Consider Yuma, Arizona. There are many, perhaps 100+ RV parks in the immediate area around Yuma, and very, very few have fire pits. However, it isn't a place you would want to stay during the summer since temperatures can get unbearable. From November to March it is very pleasant.
Washington has one of the higher tax rates, but we don't have an income tax (yet). And, our state sales tax is about 9%, but the actual rate varies with local option taxes. Somehow, somebody has to pay for all these "benefits" our government provides, including the "free" roads.
Your eng should start easily down to -40 with grid heaters - about -30 without them so syn oil isn't really needed.
You also have an eng that will go 700,000 to well over 1 million miles with normal maint. So it isn't really needed for longevity either.
I tried in in two Cummins I owned but neither one got any better mileage or showed any kind of change.
But if your the type that just likes to use the very best to take care of his toys (and I sure repect that!) then go for it. It sure wont hurt.
X2 (Couldn't have said it any better.)
Absorption refrigerators are efficient users of electrical power, which powers the control unit, and propane (for cooling), but are slow to cool down from startup. Adding fans, both inside and outside, will improve efficiency and uniform cooling. Since RVs are frequently used where electricity is limited to batteries, household type (using a compressor and Freon) refrigerators are impractical. If an owner has a large enough coach with a large (six or eight 6 volt batteries), and is willing to recharge this battery bank frequently, then a residential type is preferred.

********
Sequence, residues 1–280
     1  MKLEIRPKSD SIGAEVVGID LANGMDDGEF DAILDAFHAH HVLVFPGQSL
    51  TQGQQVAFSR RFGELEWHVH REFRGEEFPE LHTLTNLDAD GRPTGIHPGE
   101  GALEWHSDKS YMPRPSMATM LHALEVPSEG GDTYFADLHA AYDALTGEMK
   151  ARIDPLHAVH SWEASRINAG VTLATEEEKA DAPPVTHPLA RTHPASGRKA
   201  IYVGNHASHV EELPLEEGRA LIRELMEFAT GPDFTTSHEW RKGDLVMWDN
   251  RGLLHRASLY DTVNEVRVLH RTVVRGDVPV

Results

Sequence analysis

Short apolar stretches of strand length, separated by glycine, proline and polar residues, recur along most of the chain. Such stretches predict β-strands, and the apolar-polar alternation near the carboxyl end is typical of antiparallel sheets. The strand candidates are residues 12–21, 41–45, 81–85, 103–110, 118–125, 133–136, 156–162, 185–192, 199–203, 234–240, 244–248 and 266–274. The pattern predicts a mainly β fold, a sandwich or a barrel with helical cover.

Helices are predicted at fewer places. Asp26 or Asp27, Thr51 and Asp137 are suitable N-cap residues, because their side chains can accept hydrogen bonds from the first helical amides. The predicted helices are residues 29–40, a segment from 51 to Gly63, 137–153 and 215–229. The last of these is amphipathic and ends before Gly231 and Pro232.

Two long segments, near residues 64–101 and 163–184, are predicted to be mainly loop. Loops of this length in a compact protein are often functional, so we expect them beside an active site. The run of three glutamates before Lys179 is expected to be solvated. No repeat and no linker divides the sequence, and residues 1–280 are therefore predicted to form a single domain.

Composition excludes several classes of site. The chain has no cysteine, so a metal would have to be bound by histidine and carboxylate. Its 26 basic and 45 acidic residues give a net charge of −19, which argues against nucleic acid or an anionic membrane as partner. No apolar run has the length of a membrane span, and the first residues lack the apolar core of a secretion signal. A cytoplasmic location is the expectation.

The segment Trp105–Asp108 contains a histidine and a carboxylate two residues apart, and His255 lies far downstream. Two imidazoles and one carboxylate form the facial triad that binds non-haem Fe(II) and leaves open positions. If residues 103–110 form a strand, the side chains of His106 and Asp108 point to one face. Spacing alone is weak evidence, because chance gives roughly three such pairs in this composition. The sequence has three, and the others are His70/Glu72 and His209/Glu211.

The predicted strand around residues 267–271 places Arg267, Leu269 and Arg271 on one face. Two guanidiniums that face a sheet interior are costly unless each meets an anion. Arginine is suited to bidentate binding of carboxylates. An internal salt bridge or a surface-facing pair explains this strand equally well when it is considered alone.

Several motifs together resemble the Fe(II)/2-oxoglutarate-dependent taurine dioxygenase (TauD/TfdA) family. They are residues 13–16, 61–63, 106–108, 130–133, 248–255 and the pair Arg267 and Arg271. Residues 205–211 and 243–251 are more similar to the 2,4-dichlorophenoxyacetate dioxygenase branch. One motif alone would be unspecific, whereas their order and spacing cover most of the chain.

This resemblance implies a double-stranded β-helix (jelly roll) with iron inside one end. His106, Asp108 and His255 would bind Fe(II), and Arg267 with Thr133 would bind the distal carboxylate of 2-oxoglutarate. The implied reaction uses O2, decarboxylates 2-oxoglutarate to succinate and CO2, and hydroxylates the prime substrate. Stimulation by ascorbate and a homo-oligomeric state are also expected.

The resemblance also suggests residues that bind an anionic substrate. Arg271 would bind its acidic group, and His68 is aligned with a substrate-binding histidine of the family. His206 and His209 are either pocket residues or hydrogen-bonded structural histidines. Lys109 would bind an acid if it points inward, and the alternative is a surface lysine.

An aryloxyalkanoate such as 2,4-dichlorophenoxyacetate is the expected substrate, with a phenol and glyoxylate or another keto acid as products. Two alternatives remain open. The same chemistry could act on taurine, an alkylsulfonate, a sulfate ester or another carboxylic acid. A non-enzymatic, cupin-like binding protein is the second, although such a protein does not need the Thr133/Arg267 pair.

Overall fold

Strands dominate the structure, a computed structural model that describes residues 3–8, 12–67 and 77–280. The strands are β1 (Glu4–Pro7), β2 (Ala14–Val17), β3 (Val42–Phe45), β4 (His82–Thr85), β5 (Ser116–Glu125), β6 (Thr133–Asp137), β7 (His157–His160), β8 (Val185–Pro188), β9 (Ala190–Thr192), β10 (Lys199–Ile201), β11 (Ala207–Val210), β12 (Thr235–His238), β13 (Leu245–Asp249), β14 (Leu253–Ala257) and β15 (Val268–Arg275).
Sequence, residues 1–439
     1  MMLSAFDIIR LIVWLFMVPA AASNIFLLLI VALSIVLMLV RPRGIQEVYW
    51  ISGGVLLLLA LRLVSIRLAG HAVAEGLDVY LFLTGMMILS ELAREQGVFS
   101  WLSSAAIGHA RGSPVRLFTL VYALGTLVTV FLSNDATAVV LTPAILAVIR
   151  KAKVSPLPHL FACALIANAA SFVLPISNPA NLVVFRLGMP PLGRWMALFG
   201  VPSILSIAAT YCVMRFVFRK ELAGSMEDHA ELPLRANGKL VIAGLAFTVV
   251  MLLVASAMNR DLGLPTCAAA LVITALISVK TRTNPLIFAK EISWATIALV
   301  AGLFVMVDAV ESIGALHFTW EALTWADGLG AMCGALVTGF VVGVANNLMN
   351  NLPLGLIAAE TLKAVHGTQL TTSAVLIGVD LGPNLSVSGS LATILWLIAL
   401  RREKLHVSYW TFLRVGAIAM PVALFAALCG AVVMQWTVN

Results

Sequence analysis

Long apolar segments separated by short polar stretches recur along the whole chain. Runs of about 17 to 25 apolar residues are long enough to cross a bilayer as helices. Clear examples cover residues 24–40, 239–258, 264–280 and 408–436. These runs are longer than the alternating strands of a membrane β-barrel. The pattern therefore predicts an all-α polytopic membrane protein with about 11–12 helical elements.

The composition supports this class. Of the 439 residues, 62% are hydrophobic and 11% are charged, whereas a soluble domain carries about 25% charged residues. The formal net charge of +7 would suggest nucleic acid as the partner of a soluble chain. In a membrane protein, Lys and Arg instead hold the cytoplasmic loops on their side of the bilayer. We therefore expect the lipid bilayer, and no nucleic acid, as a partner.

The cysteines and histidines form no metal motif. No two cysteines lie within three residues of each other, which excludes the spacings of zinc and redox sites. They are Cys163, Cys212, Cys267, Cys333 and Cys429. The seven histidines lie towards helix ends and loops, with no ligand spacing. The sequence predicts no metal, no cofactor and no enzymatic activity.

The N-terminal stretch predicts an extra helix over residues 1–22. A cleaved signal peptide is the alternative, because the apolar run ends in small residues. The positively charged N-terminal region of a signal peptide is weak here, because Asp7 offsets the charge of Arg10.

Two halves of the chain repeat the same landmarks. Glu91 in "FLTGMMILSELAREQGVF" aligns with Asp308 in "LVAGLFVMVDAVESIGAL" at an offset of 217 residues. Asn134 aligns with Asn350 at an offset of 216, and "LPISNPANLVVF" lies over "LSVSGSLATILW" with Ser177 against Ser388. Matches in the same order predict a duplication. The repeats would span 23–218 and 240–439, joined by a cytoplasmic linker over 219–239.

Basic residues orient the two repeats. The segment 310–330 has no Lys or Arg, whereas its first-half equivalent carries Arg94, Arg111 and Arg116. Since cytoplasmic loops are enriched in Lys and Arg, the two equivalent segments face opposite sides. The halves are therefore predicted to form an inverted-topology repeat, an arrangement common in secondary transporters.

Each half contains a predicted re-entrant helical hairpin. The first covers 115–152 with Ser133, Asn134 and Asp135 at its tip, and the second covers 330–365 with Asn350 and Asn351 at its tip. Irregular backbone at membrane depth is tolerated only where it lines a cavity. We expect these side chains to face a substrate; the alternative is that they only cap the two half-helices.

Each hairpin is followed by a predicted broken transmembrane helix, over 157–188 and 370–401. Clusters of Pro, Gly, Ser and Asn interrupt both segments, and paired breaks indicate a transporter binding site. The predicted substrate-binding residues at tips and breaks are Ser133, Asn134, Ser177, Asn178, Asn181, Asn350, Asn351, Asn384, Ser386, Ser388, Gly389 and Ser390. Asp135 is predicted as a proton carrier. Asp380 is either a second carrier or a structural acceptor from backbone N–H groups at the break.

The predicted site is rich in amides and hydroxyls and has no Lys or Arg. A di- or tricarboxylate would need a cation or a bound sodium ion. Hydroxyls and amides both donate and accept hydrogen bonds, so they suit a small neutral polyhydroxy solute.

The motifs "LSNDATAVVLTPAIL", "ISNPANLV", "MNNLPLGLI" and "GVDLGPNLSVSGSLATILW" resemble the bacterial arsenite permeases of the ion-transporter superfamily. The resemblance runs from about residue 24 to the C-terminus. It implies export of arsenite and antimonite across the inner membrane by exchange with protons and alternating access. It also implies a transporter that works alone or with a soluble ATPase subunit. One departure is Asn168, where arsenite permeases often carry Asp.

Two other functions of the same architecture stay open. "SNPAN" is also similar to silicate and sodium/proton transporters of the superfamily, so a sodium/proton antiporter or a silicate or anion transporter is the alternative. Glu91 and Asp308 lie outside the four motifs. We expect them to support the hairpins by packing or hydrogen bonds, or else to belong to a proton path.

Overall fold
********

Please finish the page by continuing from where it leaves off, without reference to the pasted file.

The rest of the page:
Costco and Sam's Club are both good resources for batteries.
If you can locate the Interstate Battery Distributor in your area, call them and ask about returned or blemished batteries. You can save up to half the retail price.
You'll have to change the setup. For some reason, the difference in voltage requires a different setting.
Call Fisher-Paykel. They are very customer friendly.
(I installed a FP "dishdrawer" 10 years ago and the wife LOVES it.)
Keeping the processor cool is the key. The heat sinks installed by the manufacturers are just enough to make it work briefly. I install after market cooling fans with bigger heat sinks. Also, make sure you vacuum out the case frequently. Dust is a great insulator.
Finally, I've had better luck with ASUS computers than HP, and all of my latest purchases have been of ASUS desktops and laptops.
(That having been said, I'm using an HP desktop right now but with the cover off and an Enermax cooling system installed. It's my machine of choice.)